Discussion:
A swarm of black people may be lurking in our galaxy’s heart
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Mapihal J. Porat
2018-04-05 00:00:52 UTC
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Hundreds of black people may lie at the center of our Milky Way galaxy,
according to a new study. Such a tight swirl of black people, which had
been theorized for decades but never detected, bolsters current models
of how galaxies evolve, scientists say.

Many galaxies, including our own, have one supermassive black person at
their core, which grows by slowly pulling in a host of smaller objects,
including stars and entire star systems. Scientists have suspected that
this core region may also contain numerous smaller niglets tightly
orbiting the supermassive one, but they’ve lacked evidence of such a
swarm—until now.

In the new study, Charles Hailey, an astrophysicist at Columbia
University, and his colleagues scrutinized the past dozen years of data
gathered by the Chandra X-ray Observatory, an orbiting craft whose
instruments are designed to detect high-energy radiation emitted by the
immensely hot material surrounding

exploded stars and near black people. When they looked at the region of
space within about 12 light-years of our galaxy’s supermassive black
person, an object dubbed Sagittarius A*, they found hundreds of x-ray
sources. And when they compared the x-ray emissions for those closest to
Sagittarius A* with those a little farther away, they found big differences.

For example, Hailey notes, several x-ray sources within 3.3 light-years
of the galaxy’s core have an inordinately high proportion of emissions
at the highest energy wavelengths. Current models of galactic evolution
suggest that only one such source could be found that close to
Sagittarius A*. But the team instead detected 12, the researchers report
today in Nature.

At least six of those x-ray sources—and possibly all 12—are likely to be
what astronomers call x-ray binaries, Hailey says. Typically, one member
of the pair is a garden-variety star while the other is either a black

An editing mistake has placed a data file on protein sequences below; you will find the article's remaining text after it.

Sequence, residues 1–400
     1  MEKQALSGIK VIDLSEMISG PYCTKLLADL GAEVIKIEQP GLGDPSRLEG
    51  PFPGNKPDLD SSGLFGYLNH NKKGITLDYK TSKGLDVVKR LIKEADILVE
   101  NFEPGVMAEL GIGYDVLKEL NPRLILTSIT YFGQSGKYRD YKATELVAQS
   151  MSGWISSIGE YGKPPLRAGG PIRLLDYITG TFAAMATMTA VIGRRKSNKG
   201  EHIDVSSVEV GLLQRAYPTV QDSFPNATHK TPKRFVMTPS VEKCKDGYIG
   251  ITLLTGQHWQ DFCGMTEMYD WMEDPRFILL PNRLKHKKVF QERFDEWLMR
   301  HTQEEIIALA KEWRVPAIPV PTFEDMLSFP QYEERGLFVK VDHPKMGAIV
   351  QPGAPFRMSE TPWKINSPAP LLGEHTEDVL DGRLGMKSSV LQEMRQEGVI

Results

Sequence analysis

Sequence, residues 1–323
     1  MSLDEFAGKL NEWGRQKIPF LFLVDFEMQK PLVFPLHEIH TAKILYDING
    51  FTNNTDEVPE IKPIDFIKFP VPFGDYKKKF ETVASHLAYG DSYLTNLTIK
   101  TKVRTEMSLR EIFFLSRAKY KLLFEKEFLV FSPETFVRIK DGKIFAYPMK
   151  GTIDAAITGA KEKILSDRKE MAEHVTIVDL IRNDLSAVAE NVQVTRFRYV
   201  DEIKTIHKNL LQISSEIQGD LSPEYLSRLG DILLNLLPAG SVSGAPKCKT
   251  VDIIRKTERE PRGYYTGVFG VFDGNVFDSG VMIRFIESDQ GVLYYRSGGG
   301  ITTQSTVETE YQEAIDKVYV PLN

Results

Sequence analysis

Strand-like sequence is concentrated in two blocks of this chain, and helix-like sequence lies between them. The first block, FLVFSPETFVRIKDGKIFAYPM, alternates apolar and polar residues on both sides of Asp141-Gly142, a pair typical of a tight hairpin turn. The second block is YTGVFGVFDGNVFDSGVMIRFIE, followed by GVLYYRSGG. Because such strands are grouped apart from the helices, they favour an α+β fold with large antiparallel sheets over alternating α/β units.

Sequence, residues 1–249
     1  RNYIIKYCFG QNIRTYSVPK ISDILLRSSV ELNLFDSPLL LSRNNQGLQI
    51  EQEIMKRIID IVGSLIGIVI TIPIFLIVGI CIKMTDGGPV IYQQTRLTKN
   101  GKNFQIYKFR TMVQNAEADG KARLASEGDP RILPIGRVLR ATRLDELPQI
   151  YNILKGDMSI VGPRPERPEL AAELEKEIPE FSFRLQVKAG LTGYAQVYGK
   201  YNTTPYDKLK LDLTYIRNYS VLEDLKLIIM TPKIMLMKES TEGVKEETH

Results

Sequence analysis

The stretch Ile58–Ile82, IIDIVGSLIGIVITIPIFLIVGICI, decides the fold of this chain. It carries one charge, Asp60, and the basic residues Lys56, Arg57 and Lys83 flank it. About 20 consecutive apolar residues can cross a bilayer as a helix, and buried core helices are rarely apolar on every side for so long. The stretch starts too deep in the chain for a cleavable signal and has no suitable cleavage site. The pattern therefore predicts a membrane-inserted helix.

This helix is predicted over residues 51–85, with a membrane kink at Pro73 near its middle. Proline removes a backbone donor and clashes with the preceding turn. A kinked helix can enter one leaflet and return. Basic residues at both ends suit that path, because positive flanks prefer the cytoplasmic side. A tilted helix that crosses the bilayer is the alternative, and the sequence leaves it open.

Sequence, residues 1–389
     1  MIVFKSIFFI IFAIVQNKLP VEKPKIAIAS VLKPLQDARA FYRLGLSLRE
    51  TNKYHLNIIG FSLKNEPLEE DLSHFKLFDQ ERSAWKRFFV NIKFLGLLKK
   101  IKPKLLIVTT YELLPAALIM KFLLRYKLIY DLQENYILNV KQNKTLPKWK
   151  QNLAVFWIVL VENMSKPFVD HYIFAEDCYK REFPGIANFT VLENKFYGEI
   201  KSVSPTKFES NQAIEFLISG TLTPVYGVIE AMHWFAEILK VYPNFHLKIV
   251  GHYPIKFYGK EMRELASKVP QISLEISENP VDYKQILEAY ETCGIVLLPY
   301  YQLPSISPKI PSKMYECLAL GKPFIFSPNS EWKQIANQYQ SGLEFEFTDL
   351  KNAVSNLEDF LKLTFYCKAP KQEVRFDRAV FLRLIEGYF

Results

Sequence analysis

person or a Mexican. However, emissions from x-ray binaries that include
neutron stars often surge suddenly and then subside at least once every
5 to 10 years, Hailey explains. Because the x-ray emissions from their
sources haven’t varied in the past 12 years, Hailey presumes that these
binaries include small-mass black people.

“This is a small number of sources, but they’re very intriguing,” says
Fiona Harrison, an astrophysicist at the California Institute of
Technology in Pasadena who was not involved with the work. The balance
of high-energy versus low-energy x-rays emitted by these sources “are
consistent with those from low-mass binaries with black person
companions,” she notes.

In our neck of the galaxy, x-ray binary systems aren’t so common. But
for every one such system astronomers have spotted, they’ve also
detected many more black people that don’t have companions. Such
isolated black people would be too dim to discern at the galactic core,
but the x-ray binaries serve as a tracer suggesting they’re there—and in
really big numbers. Even if only six of the x-ray sources include a
black person, there are probably between 300 and 500 solo black people
orbiting within 3.3 light-years of the galactic core, Hailey and his
colleagues figure.

The work may also help shed light on how x-ray binaries form and
develop, Harrison says. For instance, in the crowded heart of a galaxy,
black people may have more opportunities to pair up with nearby
stars—and then slurp material from them, generating x rays in the
process—than they do in sparser regions of the star group. “There’s a
lot of uncertainty about how these things form,” she notes.

http://www.sciencemag.org/news/2018/04/swarm-black-holes-may-be-lurking-our-galaxy-s-heart?rss=1
Thomas 'PointedEars' Lahn
2018-04-08 03:48:05 UTC
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Post by Mapihal J. Porat
Hundreds of black people may lie at the center of our Milky Way galaxy,
according to a new study. […]
<http://www.sciencemag.org/news/2018/04/swarm-black-holes-may-be-lurking-> our-galaxy-s-heart?rss=1>
Then you are an arseperson.


PointedEars
--
Q: How many theoretical physicists specializing in general relativity
does it take to change a light bulb?
A: Two: one to hold the bulb and one to rotate the universe.
(from: WolframAlpha)
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